Now No Dozing has even more questions to answer. His second in the Remsen (G2) hasn’t stood the test of time, with the Remsen alumni flopping all over the Derby trail. Despite his sneaky fourth in the Breeders’ Futurity, so far he’s promised more than delivered. But he has come back to fire a bullet over the Tampa oval. Loathe to give up on him just yet, I harbor a small hope that maybe No Dozing can get back on track from post 4.
4. Trainer Mark Hennig, who scratched Beasley from last Saturday’s Fountain of Youth (G2) in favor of Tampa, may have made an inspired call. Had he stayed at Gulfstream, the $340,000 son of Shackleford would probably have been close to the pace scrum that set it up for Gunnevera’s dynamic closing kick. There’s no Gunnevera here, unless Tapwrit improves a lot more than forecast. And while Beasley can go forward, he doesn’t necessarily need the lead. New rider Irad Ortiz Jr. may be able to secure the ideal position, depending upon how the tactical situation presents itself. His scorching bullet half at Gulfstream in :46.90 implies that he’s ready to wing it, though.
Aside from his plucky attitude, Beasley brings two tantalizing formlines from his allowance losses. Normally “two-time allowance runner-up” doesn’t suggest next-out Derby prep winner, but he’s placed to a couple of esteemed opponents who’ve been targeting significant stakes. A fast-finishing second to Classic Rock (bound for the San Vicente [G2] until spiking a fever), Beasley was last seen forcing Pletcher’s Battalion Runner to pull out all the stops to beat him in their mutual two-turn debut. Battalion Runner has long been penciled in for the Florida Derby (G1).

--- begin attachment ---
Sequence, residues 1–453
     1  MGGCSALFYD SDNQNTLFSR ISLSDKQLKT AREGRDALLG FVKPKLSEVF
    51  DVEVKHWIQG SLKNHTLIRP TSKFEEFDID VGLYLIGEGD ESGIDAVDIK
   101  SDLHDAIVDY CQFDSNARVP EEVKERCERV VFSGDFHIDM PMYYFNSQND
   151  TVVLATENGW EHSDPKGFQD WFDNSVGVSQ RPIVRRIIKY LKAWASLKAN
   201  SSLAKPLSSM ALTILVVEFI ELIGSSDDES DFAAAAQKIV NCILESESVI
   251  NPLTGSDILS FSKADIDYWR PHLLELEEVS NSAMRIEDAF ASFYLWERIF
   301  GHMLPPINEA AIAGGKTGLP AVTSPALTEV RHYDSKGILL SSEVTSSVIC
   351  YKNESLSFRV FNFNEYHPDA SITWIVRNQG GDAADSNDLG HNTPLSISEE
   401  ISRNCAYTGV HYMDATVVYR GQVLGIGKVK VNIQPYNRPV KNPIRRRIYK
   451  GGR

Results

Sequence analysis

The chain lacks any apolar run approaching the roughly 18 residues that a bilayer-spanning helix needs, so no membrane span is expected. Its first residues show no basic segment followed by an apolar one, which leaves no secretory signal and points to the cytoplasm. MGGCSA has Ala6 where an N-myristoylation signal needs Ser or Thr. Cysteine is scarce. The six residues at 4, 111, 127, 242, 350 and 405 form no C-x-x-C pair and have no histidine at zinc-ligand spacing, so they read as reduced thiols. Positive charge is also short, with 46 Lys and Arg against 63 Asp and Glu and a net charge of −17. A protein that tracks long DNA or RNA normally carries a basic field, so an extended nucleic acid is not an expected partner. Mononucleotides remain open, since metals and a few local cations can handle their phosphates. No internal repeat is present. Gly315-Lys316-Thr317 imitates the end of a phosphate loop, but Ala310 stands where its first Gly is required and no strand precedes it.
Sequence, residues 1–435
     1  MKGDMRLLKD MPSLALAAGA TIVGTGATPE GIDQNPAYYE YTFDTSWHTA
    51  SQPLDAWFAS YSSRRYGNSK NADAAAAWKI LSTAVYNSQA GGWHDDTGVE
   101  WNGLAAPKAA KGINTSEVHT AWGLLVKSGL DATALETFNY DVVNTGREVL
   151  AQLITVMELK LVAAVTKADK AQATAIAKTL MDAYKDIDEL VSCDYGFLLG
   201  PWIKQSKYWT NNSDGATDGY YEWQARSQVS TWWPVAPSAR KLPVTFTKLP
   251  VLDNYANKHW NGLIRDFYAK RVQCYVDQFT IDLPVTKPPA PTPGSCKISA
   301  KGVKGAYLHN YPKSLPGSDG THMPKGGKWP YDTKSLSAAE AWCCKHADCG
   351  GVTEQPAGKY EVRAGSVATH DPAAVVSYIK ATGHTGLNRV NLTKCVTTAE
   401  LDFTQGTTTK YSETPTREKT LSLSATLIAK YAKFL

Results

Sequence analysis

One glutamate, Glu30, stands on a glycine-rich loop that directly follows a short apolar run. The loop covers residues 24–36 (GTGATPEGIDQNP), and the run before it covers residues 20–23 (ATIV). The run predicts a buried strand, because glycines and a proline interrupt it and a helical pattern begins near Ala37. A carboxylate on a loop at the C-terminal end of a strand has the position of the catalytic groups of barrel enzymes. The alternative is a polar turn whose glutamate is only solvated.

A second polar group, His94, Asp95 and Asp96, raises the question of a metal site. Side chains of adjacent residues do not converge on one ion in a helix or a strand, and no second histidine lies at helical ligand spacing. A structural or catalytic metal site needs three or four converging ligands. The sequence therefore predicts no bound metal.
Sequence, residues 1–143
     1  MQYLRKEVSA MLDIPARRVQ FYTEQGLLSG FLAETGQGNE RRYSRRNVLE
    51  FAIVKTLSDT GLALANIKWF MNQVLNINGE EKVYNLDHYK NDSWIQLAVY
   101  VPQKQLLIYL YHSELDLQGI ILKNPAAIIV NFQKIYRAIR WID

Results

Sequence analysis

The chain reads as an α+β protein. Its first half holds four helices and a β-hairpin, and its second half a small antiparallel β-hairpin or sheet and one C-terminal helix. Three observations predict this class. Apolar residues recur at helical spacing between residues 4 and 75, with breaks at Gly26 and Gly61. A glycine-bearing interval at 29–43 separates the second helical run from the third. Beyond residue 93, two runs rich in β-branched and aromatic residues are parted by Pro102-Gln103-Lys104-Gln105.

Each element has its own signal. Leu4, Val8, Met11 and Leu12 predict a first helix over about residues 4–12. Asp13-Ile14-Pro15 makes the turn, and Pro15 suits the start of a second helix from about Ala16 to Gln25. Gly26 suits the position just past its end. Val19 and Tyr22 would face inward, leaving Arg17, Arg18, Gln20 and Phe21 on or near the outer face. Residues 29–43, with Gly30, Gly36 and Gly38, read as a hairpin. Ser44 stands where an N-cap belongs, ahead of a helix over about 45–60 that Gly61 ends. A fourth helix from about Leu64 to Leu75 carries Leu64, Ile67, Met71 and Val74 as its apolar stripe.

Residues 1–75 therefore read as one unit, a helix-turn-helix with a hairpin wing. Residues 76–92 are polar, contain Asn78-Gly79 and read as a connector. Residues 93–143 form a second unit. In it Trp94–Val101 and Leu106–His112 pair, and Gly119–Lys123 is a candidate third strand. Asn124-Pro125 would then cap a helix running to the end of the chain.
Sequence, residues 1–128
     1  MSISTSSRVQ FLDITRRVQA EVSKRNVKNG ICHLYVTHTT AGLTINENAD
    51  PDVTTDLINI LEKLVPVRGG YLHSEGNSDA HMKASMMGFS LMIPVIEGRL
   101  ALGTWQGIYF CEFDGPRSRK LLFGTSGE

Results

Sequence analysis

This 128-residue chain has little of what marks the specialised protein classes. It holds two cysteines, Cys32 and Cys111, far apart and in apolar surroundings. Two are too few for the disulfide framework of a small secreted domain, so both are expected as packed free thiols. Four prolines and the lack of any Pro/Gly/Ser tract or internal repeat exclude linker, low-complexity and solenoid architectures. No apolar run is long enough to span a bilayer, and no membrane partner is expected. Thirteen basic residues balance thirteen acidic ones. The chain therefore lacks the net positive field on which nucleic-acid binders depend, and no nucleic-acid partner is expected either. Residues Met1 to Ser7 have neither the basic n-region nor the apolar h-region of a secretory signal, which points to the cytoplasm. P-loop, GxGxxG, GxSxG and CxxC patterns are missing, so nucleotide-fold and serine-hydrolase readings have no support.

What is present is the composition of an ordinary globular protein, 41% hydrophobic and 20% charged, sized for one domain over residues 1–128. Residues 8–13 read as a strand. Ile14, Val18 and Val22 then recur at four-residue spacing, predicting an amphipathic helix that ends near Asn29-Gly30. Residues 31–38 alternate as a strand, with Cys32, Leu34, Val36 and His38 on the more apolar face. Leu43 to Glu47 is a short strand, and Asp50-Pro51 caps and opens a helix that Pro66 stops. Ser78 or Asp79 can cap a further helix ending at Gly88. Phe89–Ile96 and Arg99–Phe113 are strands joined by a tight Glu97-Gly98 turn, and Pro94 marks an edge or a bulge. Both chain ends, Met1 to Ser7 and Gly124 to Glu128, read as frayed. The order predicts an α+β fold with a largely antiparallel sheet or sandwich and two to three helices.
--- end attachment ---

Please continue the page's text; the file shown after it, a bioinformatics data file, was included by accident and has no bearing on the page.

5. Sonic Mule appears to be a second stringer twice over, but possibly capable of more. He’s the lesser half of Pletcher’s duo, outshone by stablemate Tapwrit, and also of Calumet’s, since fellow colorbearer Wild Shot has the stronger two-turn resume.
So far, Sonic Mule has spent most of his time around one turn, grinding out wins in the Buffalo Man and Mucho Macho Man prior to a third in the Swale (G2). Yet as a son of Distorted Humor and an A.P. Indy mare, he ought to cope with this distance. Perhaps his losses over a route last season were attributable to immaturity. At any rate, the Tampa Bay Derby may help determine his future path.
6. Longshots worth a look in this open renewal are Basha (12-1), Tale of Silence (15-1), and The Money Monster (15-1). Basha, who’s placed behind Pletcher’s Fact Finding and Third Day in a pair of minor stakes around Gulfstream’s one-turn mile, is bred to appreciate the step up to two turns. By Uncle Mo and out of the long-winded turf mare Lemonette, he hails from the family of Behrens (and, coincidentally, Beasley). Tale of Silence, a full brother to multiple Grade 1-winning millionaire and sire Tale of Ekati, exits a distant second to Pletcher’s unbeaten flyer Malagacy (who’s aiming for the Rebel [G2]). Like No Dozing, Tale of Silence must shake the stigma of being the sixth-place finisher in the Remsen. The Money Monster, last seen landing the Pasco at Tampa, makes his first start for new ownership and a new barn – Hall of Famer Bill Mott. Joel Rosario picks up the mount on the son of Majestic Warrior, who’s perfect from two starts.
Good luck with your Tampa Bay Derby handicapping, and be sure to use the free Brisnet PPs!
Tapwrit photo courtesy of Kenny Martin/Coglianese Photography.